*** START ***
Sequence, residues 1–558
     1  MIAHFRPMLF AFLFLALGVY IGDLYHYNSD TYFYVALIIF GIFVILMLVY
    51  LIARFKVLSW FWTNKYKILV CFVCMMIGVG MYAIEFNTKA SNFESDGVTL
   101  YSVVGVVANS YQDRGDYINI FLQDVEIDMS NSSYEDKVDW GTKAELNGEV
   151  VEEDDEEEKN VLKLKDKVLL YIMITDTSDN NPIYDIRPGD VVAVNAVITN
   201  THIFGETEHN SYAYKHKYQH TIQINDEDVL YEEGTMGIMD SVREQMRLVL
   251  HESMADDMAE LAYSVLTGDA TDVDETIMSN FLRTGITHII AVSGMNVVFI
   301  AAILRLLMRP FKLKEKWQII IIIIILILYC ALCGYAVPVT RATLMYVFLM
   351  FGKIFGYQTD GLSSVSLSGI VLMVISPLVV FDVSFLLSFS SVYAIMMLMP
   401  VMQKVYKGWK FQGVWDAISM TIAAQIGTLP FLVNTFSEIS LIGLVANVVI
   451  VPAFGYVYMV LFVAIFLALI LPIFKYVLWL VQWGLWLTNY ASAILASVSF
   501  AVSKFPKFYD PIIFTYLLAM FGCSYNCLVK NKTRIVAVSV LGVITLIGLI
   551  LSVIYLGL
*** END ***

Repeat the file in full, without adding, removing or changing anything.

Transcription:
Sequence, residues 1–558
     1  MIAHFRPMLF AFLFLALGVY IGDLYHYNSD TYFYVALIIF GIFVILMLVY
    51  LIARFKVLSW FWTNKYKILV CFVCMMIGVG MYAIEFNTKA SNFESDGVTL
   101  YSVVGVVANS YQDRGDYINI FLQDVEIDMS NSSYEDKVDW GTKAELNGEV
   151  VEEDDEEEKN VLKLKDKVLL YIMITDTSDN NPIYDIRPGD VVAVNAVITN
   201  THIFGETEHN SYAYKHKYQH TIQINDEDVL YEEGTMGIMD SVREQMRLVL
   251  HESMADDMAE LAYSVLTGDA TDVDETIMSN FLRTGITHII AVSGMNVVFI
   301  AAILRLLMRP FKLKEKWQII IIIIILILYC ALCGYAVPVT RATLMYVFLM
   351  FGKIFGYQTD GLSSVSLSGI VLMVISPLVV FDVSFLLSFS SVYAIMMLMP
   401  VMQKVYKGWK FQGVWDAISM TIAAQIGTLP FLVNTFSEIS LIGLVANVVI
   451  VPAFGYVYMV LFVAIFLALI LPIFKYVLWL VQWGLWLTNY ASAILASVSF
   501  AVSKFPKFYD PIIFTYLLAM FGCSYNCLVK NKTRIVAVSV LGVITLIGLI
   551  LSVIYLGL